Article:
Regulating N.C.’s political bedfellows

From an editorial Sunday in the Fayetteville Observer:

Politics makes strange bedfellows, they say. But that’s an observation about surprising alliances in the interest of getting things done, not an excuse for anyone to prostitute themselves.

It might seem like common sense that legislators and their staffs, who are strictly forbidden from accepting gifts and services from lobbyists, also shouldn’t be bedding them while there’s state business at stake. Perhaps “common sense” is a bit less universal than the term implies. Several staffers for former House Speaker Thom Tillis made hasty exits a couple of years ago after they were caught engaging in intimate partnerships with lobbyists.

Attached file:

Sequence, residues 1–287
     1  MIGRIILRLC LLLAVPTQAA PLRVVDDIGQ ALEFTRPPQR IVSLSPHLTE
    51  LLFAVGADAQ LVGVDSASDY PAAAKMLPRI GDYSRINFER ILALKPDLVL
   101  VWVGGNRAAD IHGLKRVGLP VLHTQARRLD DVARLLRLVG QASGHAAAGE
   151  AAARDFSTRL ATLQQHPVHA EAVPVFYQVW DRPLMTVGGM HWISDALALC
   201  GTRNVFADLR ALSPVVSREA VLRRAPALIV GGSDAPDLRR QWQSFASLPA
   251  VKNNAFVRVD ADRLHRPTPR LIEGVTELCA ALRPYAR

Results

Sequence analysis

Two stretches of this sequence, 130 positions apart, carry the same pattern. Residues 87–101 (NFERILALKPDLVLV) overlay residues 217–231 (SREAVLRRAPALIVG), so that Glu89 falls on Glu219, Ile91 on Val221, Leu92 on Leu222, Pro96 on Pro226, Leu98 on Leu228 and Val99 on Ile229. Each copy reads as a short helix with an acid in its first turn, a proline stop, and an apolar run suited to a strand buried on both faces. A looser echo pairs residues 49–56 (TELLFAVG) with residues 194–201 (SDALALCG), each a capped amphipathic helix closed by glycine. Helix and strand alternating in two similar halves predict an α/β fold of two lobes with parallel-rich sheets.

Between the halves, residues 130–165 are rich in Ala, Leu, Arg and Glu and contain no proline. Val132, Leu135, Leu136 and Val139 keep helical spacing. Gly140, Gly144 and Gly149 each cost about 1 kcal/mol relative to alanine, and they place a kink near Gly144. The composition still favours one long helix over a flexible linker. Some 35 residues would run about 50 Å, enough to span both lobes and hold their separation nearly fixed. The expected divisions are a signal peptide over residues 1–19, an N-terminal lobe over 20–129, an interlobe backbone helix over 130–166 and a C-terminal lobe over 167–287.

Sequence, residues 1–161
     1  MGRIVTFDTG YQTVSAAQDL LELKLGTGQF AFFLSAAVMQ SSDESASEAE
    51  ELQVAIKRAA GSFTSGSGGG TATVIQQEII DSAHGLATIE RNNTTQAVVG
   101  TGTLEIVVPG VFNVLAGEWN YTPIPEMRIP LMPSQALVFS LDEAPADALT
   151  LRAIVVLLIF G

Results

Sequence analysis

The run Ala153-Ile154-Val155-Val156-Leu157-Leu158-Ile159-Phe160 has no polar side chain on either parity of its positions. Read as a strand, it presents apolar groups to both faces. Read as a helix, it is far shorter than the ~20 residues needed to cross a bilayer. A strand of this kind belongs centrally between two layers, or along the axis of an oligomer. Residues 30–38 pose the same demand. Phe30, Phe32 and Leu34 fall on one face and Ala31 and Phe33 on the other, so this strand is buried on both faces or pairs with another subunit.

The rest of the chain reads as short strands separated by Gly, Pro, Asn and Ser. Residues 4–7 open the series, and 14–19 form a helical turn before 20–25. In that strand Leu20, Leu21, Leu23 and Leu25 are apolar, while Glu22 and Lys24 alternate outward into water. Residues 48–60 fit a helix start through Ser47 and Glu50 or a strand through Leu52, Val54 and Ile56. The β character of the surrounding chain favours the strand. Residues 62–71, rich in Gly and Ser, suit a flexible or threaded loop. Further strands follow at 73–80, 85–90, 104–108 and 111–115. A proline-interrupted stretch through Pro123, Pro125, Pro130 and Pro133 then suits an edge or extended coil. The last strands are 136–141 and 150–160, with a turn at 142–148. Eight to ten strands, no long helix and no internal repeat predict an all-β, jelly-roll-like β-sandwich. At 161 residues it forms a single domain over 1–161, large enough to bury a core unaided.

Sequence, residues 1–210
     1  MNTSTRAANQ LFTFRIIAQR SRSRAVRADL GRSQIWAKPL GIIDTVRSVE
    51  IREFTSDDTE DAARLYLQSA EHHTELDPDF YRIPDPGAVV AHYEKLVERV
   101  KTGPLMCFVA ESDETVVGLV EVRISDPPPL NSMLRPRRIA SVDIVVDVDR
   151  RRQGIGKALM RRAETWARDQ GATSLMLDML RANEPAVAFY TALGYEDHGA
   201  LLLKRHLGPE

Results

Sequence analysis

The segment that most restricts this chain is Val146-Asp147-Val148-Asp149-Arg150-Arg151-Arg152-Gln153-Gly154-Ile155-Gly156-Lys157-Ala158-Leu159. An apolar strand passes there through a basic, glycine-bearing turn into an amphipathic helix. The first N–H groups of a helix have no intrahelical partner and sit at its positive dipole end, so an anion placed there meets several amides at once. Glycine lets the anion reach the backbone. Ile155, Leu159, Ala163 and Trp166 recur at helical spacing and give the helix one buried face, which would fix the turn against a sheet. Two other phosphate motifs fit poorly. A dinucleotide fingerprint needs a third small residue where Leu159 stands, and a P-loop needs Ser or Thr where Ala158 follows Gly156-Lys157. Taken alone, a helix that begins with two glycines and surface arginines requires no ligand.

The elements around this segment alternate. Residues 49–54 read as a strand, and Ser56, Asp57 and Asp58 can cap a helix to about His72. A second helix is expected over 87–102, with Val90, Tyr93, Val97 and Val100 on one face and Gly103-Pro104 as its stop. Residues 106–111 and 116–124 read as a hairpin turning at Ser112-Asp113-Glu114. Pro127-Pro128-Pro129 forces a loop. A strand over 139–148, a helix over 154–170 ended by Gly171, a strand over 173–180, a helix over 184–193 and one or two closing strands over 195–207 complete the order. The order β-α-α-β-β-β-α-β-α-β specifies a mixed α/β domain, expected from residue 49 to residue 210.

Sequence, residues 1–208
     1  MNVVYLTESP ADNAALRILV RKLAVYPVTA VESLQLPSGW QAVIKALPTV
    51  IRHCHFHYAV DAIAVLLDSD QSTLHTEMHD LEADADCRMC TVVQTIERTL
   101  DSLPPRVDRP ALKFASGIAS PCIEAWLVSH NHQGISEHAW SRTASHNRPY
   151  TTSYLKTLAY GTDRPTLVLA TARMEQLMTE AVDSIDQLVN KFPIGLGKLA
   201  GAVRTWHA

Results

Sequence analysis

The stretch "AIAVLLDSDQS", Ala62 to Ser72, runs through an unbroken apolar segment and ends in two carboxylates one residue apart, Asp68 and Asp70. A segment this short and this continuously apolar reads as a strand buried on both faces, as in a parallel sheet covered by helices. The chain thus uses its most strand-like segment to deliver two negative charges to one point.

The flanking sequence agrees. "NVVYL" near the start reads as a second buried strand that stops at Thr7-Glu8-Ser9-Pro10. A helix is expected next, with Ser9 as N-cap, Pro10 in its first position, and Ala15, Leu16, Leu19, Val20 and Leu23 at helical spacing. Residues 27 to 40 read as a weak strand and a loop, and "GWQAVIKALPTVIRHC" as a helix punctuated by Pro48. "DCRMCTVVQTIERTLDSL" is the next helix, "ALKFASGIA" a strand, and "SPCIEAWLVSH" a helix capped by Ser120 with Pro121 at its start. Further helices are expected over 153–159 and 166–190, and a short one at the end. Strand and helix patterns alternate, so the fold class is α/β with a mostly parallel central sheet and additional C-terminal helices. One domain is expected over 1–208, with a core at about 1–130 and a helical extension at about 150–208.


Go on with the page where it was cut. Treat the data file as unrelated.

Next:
The intoxication of physical temptation, or even true love, can blur anyone’s exercise of sound judgment. The State Ethics Commission has since found that existing law doesn’t clearly forbid such liaisons.

Fortunately, Rep. Rick Glazier of Cumberland County is among the sponsors of a bipartisan bill to bring clarity to the issue. Under his proposal, legislative officials in sexual relationships with lobbyists would have to recuse themselves on issues related to the lobbyists’ business.

That should be clear enough, even for the most ethically challenged or romantically smitten in Raleigh.